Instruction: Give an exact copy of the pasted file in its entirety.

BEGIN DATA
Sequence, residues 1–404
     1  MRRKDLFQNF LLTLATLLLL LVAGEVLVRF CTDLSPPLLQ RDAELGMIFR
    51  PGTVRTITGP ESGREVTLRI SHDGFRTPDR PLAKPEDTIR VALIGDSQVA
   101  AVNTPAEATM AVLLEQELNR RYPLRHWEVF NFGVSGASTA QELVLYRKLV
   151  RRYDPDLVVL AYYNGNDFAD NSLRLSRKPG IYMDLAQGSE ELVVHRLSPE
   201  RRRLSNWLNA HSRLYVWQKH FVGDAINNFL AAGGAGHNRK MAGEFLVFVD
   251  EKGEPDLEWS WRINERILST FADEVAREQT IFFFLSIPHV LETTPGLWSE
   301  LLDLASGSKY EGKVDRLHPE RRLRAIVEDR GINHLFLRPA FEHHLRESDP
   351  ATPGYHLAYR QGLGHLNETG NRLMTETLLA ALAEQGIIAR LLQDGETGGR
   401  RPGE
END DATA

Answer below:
Sequence, residues 1–404
     1  MRRKDLFQNF LLTLATLLLL LVAGEVLVRF CTDLSPPLLQ RDAELGMIFR
    51  PGTVRTITGP ESGREVTLRI SHDGFRTPDR PLAKPEDTIR VALIGDSQVA
   101  AVNTPAEATM AVLLEQELNR RYPLRHWEVF NFGVSGASTA QELVLYRKLV
   151  RRYDPDLVVL AYYNGNDFAD NSLRLSRKPG IYMDLAQGSE ELVVHRLSPE
   201  RRRLSNWLNA HSRLYVWQKH FVGDAINNFL AAGGAGHNRK MAGEFLVFVD
   251  EKGEPDLEWS WRINERILST FADEVAREQT IFFFLSIPHV LETTPGLWSE
   301  LLDLASGSKY EGKVDRLHPE RRLRAIVEDR GINHLFLRPA FEHHLRESDP
   351  ATPGYHLAYR QGLGHLNETG NRLMTETLLA ALAEQGIIAR LLQDGETGGR
   401  RPGE